C-Wing Configuration Development

Using the C-Wing configuration, the span of an otherwise conventional large aircraft can be reduced. Because the fuselage tends to be rather short on double deck configurations, the horizontal tail location is not much farther aft than the wing tips making it possible to consider using the C-wing as the primary pitch control surfaces. (The horizontal C-wing surfaces provide more stability for a given area as they are not affected by the aft fuselage flow field and are less affected by wing downwash. Moreover, they provide a positive trimming moment when optimally loaded.) The removal of the horizontal tail makes the use of aft-fuselage-mounted engines a possibility, eliminating some of the severe problems with the original outboard engine location. Despite some attractive features, however, the performance advantages for this configuration are not substantial, and probably not worth the risk associated with the unconventional design.

As the number of passengers reaches 600-800, the possibility of including some passenger cabin area inside the wing appears more attractive. For the C-Wing configuration the wing span is reduced and the wing chord increased to maintain the desired lifting area and structural support for the tip surfaces, making this idea even more appealing. Furthermore, when a long empennage is no longer required for horizontal and vertical tail surfaces, one is led to the rather unconventional large aircraft configuration pictured below.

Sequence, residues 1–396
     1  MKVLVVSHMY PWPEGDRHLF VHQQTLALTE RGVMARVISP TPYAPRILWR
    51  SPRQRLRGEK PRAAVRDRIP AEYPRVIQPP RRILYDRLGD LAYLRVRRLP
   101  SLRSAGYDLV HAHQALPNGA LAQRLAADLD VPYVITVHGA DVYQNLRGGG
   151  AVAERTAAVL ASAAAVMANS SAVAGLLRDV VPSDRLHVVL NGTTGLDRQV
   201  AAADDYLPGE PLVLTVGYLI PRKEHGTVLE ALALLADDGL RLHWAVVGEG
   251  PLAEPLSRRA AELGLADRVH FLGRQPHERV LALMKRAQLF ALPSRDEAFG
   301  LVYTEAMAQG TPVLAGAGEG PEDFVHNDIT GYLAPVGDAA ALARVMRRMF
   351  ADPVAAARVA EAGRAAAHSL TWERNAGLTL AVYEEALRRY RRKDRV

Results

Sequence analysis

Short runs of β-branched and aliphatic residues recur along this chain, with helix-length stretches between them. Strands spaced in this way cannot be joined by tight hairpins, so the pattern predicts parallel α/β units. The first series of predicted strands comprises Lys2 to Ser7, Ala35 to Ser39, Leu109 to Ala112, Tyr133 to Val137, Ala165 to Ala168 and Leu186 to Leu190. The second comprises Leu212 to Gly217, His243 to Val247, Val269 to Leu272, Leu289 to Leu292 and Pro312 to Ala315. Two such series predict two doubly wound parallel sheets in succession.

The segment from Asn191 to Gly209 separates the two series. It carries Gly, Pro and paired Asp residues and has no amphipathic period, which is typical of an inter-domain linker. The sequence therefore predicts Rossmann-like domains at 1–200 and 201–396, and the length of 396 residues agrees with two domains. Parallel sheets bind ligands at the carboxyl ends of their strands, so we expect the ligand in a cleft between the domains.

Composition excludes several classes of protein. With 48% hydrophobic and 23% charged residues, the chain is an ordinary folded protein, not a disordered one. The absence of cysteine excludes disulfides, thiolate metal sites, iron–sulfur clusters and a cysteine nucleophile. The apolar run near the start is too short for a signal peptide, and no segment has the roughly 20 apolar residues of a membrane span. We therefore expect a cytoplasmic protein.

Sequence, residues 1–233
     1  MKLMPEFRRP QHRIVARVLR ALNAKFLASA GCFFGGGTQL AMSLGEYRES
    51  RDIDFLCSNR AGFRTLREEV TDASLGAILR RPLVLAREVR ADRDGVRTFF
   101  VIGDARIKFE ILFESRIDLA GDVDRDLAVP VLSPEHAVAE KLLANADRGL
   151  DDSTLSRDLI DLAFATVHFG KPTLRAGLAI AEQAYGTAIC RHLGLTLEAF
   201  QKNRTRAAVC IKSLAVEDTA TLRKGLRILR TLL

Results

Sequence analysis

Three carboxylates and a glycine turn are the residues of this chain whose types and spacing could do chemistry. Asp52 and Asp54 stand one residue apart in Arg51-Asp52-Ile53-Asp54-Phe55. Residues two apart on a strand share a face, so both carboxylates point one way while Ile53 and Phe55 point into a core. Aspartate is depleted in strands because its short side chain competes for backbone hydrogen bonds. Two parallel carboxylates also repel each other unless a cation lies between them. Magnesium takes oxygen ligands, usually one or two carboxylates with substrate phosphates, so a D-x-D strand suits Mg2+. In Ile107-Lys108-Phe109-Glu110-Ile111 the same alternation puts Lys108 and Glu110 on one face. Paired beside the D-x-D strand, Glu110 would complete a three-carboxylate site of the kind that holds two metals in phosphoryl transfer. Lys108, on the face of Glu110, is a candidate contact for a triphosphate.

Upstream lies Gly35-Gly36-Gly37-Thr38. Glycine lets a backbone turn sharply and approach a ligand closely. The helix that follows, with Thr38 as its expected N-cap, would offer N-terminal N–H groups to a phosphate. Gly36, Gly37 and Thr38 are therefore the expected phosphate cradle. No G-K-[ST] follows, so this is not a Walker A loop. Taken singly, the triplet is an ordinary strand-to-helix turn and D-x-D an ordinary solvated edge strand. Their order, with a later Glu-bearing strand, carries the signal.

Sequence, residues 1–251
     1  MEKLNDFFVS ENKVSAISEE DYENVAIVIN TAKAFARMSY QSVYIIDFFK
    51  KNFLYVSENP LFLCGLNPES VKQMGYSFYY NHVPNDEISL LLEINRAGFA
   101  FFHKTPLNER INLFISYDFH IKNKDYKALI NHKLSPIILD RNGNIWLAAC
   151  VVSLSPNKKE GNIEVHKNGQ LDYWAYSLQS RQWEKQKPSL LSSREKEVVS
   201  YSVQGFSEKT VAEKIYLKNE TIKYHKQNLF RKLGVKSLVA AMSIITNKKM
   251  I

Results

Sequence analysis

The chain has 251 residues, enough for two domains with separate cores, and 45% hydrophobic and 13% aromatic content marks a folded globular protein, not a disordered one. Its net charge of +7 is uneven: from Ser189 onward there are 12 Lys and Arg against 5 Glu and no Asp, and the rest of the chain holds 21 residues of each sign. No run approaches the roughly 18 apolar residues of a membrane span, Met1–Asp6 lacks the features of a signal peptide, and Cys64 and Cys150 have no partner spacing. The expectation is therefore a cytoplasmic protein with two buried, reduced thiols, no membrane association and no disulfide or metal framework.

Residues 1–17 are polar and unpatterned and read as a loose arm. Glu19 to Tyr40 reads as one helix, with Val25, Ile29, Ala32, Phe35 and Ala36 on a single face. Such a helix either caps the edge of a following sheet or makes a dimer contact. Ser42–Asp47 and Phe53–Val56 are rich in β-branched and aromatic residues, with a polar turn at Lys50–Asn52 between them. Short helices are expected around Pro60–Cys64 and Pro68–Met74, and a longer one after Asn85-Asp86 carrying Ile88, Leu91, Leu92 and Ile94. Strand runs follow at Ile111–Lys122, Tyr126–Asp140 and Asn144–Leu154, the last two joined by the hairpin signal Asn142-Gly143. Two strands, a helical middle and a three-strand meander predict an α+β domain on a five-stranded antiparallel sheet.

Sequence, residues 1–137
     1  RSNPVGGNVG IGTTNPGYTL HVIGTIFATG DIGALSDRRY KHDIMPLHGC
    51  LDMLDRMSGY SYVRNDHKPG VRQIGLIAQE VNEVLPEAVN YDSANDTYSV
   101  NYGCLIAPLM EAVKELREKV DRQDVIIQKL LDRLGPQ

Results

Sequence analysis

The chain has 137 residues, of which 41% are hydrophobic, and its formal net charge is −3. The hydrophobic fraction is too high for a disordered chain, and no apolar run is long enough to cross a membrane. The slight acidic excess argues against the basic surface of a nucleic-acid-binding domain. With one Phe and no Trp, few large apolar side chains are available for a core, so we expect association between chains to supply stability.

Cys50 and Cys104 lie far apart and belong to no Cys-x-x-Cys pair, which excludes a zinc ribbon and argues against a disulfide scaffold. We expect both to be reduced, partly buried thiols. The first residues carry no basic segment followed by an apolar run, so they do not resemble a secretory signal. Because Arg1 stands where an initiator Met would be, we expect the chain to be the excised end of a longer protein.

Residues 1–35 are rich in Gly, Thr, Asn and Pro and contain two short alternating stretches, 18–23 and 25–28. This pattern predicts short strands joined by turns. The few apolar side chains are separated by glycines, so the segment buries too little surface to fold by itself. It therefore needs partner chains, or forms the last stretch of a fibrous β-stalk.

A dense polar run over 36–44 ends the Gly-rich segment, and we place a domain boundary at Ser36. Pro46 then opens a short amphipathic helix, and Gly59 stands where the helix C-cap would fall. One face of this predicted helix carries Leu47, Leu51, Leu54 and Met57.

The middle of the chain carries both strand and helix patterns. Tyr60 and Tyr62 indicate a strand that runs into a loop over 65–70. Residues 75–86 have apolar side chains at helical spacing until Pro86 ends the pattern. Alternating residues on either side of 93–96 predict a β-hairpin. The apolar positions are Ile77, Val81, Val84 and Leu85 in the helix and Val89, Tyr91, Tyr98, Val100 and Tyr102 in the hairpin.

This design comprises a three-surface configuration providing a large allowable c.g. range, with a relatively lightly loaded wing to simplify high-lift system requirements and accommodate passenger cabins in the wing. The vertical and horizontal tip extensions provide an efficient means of satisfying stability and control constraints.

As the design evolved to the tri-jet shown below, the wing span was increased, but remained substantially lower than the conventional design. More efficient use was made of the existing 777 fuselage area and the thick inner wing section was modified based on an investigation of high-speed thick sections.

The basic idea in this conceptual design study was not to obtain the highest performanace for this large aircraft, but rather to provide a feasible solution to the large aircraft problem. The design addresses many of the problems that arise from the simple scaling-up of the conventional design.

The layout of passengers and accommodations (LOPA) for this aircraft is shown below.

By including passenger cabins in the inner wing area, it is possible to accommodate all 600+ passengers (tri-class) in a single deck arrangement. This resolves many of the difficult loading and emergency egress issues associated with double deck cabins. The use of the cylindrical fuselage section of a Boeing 777 keeps most of the passengers near the centerline, provides windows for many, and permits some growth by conventional fuselage stretching.